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Investigating the relationship between pain indicators and observers’ judgements of pain

Yessick, L. R. ORCID:, Tanguay, J., Gandhi, W., Harrison, R. ORCID:, Dinu, R., Chakrabarti, B. ORCID:, Borg, E. ORCID: and Salomons, T. V. ORCID: (2023) Investigating the relationship between pain indicators and observers’ judgements of pain. European Journal of Pain, 27 (2). pp. 223-233. ISSN 10903801

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To link to this item DOI: 10.1002/ejp.2053


Background Due to the inherent subjectivity of pain, it is difficult to make accurate judgements of pain in others. Research has found discrepancies between the ways in which perceived “objective” (e.g., medical evidence of injury) and “subjective” information (e.g., self-report) influence judgements of pain. This study aims to explore which potential cues (depictions of sensory input, brain activation, self-reported pain and facial expressions) participants are most influenced by when evaluating pain in others. Methods First, 60 participants (23 women, 36 ± 10 years old) judged who was in more pain between two different pain indicators representing two different patients. These trials revealed which congruent indicator (i.e., two high pain indicators) would most influence participant decisions. Second, participants prescribed quantities of analgesia for one patient's pain based on two different pain indicators. These trials revealed which incongruent indicators (i.e., one high and one low indicator) would most influence participant decisions. Results As predicted, facial expressions were perceived as subjective and were the least likely, among all pain indicators, to influence observer's judgements of pain. Participants relied upon indicators they perceived as objective. Self-report pain ratings had the greatest influence on participants judgements about how much analgesic cream to prescribe and was perceived as objective by half of the participants. Conclusions We found that in situations where incongruent information was presented about an individual's pain, participants relied on pain indicators that they perceived to be objective. The current study provides important insights about biases that people hold when making judgements of pain in others. Significance Interpretation and assessment of pain remains one of the largest barriers to pain management and involves complex, idiosyncratic processing. This study provides insights into what information participants view as critical in making attributions of pain when presented with multiple, seemingly incongruent sources of information.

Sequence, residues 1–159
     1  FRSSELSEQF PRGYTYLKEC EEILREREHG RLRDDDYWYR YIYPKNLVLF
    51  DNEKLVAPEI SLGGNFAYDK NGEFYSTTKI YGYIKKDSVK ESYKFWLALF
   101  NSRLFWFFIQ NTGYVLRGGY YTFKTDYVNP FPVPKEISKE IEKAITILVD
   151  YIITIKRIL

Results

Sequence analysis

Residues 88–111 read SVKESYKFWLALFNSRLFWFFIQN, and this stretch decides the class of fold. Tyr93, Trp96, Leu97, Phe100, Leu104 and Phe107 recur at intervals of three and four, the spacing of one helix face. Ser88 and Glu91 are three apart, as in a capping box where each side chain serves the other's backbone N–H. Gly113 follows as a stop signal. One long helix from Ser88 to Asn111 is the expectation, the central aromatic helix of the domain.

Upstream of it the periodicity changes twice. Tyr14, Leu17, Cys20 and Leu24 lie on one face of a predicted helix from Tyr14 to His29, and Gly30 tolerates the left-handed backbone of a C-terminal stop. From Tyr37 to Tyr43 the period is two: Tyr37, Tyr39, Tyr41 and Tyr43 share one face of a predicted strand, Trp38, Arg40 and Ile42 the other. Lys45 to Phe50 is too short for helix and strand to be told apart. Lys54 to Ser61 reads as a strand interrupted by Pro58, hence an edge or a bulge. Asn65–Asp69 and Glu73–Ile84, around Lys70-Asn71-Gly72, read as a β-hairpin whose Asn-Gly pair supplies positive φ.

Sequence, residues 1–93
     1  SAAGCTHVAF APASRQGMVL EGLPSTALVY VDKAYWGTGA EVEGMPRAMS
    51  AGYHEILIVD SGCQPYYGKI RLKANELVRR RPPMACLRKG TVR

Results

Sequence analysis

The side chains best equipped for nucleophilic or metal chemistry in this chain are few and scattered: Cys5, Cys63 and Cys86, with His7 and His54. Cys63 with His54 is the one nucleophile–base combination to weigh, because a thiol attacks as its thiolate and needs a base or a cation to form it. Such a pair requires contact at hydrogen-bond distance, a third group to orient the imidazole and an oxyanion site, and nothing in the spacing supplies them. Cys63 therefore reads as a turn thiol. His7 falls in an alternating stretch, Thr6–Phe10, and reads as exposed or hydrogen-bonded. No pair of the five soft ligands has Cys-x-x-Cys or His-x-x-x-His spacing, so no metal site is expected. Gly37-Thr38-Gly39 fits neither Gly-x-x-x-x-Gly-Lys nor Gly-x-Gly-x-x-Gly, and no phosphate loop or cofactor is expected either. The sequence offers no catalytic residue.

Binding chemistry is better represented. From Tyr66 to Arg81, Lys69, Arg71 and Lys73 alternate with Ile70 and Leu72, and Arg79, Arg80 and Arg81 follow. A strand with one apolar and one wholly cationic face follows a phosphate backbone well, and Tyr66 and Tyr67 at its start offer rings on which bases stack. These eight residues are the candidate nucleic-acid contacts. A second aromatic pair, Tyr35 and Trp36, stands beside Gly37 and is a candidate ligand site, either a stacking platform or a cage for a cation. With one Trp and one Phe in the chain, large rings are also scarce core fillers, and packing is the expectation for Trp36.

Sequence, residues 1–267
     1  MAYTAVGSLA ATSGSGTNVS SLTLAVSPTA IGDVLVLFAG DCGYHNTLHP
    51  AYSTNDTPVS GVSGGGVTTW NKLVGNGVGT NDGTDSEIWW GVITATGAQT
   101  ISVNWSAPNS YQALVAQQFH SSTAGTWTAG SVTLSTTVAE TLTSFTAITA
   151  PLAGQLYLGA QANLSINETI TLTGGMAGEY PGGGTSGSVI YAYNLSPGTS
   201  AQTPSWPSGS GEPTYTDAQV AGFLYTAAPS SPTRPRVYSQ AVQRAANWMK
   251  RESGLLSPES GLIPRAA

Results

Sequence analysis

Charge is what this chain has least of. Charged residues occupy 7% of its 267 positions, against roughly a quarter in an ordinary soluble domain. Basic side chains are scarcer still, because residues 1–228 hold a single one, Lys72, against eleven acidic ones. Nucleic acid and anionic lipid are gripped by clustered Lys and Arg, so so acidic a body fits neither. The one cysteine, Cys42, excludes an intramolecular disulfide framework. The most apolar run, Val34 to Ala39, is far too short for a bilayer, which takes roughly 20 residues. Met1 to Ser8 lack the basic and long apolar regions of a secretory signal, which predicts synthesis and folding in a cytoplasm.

Item Type:Article
Divisions:Interdisciplinary Research Centres (IDRCs) > Centre for Integrative Neuroscience and Neurodynamics (CINN)
Interdisciplinary centres and themes > ASD (Autism Spectrum Disorders) Research Network
Life Sciences > School of Psychology and Clinical Language Sciences > Department of Psychology
Interdisciplinary Research Centres (IDRCs) > Centre for Cognition Research (CCR)
Life Sciences > School of Psychology and Clinical Language Sciences > Psychopathology and Affective Neuroscience
ID Code:109216


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